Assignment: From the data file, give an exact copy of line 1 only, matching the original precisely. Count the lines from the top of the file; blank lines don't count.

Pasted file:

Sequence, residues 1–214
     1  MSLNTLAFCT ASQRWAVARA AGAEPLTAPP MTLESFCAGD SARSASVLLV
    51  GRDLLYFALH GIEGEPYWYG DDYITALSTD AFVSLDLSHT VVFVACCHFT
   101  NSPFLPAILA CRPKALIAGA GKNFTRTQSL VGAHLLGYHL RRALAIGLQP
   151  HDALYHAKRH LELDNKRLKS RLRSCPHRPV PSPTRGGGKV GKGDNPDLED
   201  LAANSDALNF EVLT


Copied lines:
Sequence, residues 1–214